Once we were finished with the paper records, we began to process the photographs Vyzralek took or collected. Again, we had to decide how to organize the photographs in a way that would create the best accessibility for researchers. We thought it would be best to organize the photographs by those Vyzralek used for research and those that related to his personal life, such as family and school photos. Just as we did with papers, we organized the photographs by location and date. Topics in the research photos include railroad depots, postcards, aerials of towns, churches, breweries, and other buildings in North Dakota.

Containers of floppy disks

Hundreds of floppy disks from the Frank Vyzralek Collection

Vyzralek stored much of his research on floppy disks, which will also be in his collection. However, floppy disks are now obsolete. As we process the physical papers, we also have to harvest the files of his research off the floppy disks to make sure the digital files are accessible to researchers, too. This entails finding a floppy disk drive, scanning for viruses, and ensuring there are no changes to the file during the processing of the digital files. Digital files provide more accessibility to the collection.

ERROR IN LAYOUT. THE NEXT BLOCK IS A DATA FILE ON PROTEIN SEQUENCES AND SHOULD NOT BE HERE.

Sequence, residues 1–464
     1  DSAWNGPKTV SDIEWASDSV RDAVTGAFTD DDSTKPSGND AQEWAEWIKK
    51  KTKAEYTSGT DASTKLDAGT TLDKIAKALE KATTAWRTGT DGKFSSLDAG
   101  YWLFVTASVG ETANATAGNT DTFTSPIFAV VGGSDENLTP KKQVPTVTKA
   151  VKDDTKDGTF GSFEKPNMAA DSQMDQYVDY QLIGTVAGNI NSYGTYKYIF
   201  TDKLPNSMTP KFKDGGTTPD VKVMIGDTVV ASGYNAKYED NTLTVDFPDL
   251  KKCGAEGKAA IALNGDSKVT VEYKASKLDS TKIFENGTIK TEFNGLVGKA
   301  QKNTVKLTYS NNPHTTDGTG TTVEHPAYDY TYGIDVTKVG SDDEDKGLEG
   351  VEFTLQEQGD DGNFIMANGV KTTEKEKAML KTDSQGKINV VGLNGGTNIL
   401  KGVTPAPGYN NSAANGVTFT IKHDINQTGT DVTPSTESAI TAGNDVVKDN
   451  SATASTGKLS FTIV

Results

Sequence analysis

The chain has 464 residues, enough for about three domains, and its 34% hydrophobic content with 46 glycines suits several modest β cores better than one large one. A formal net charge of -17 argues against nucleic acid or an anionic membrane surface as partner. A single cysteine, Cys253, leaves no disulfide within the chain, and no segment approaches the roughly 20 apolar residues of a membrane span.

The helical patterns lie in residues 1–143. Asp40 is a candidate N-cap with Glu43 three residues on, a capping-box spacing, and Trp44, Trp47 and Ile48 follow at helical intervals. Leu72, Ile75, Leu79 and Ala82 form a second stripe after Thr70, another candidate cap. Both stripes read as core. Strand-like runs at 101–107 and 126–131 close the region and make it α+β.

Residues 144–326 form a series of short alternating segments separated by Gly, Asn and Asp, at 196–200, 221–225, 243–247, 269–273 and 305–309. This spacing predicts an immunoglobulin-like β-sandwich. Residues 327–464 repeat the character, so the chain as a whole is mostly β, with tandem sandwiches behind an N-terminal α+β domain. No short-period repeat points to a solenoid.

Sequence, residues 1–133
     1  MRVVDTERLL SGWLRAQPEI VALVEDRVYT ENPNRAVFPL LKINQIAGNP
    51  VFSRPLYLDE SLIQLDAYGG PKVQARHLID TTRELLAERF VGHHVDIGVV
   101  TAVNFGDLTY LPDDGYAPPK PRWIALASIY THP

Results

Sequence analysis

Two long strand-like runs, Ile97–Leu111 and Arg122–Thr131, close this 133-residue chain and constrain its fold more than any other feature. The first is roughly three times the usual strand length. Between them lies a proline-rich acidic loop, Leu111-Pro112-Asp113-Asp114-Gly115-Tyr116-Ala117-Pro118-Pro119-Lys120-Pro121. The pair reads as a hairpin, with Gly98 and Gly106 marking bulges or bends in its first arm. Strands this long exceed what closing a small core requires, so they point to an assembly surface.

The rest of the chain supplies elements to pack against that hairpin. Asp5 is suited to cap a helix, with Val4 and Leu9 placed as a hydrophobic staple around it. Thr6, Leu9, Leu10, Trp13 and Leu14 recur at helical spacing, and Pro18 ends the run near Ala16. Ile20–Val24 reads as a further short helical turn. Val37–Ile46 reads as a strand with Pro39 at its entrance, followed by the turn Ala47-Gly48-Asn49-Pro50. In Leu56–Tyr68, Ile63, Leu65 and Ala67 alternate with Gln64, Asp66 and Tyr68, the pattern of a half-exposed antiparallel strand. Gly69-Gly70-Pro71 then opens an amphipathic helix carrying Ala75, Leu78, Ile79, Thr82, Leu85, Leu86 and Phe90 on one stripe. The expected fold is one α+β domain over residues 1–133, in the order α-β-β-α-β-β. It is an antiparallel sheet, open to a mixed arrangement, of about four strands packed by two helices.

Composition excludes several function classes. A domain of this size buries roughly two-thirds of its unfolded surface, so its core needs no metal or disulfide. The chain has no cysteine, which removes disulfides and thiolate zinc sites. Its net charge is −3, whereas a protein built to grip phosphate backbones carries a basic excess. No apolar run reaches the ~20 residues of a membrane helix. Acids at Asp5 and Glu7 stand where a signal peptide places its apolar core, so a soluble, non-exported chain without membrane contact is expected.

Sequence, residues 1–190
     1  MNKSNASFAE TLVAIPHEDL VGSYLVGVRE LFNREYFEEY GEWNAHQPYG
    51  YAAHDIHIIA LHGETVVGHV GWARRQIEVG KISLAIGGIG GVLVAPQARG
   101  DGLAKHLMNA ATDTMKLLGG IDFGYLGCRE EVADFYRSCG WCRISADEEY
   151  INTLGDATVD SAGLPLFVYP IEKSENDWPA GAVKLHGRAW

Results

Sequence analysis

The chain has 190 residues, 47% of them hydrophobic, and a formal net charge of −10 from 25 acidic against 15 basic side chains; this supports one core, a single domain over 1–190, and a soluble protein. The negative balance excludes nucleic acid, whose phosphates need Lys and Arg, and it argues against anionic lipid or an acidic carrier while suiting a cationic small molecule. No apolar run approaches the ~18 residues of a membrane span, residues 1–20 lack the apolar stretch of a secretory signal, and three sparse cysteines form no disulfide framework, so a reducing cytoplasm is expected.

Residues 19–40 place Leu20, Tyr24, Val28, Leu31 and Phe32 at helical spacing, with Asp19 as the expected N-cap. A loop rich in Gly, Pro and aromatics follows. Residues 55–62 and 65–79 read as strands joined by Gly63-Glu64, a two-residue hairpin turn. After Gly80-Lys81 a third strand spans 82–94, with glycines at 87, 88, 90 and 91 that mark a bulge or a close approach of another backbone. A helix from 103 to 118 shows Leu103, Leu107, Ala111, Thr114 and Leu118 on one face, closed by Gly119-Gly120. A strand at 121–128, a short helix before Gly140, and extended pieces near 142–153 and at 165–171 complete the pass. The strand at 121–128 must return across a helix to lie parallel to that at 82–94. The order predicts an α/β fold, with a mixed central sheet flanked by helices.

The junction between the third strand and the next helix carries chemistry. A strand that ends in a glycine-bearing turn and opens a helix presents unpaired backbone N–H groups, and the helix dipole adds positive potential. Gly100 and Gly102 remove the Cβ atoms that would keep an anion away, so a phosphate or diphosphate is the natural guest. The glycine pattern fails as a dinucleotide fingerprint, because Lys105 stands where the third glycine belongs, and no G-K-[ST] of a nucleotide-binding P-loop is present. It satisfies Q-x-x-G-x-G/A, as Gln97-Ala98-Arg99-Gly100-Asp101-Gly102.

We are still processing the Frank Vyzralek Collection, but it will be finished in spring 2016. Once processing is complete, there will be a finding aid available on our website ( for researchers to use. This is just one of many rich collections of North Dakota history that can be researched in the State Archives.

North Dakota’s First Movie Maker

1. Frithjof Holmboe (SHSND 00834-0003)

Frithjof Holmboe, the man who captured the early days of North Dakota on film. (SHSND 00834-0003)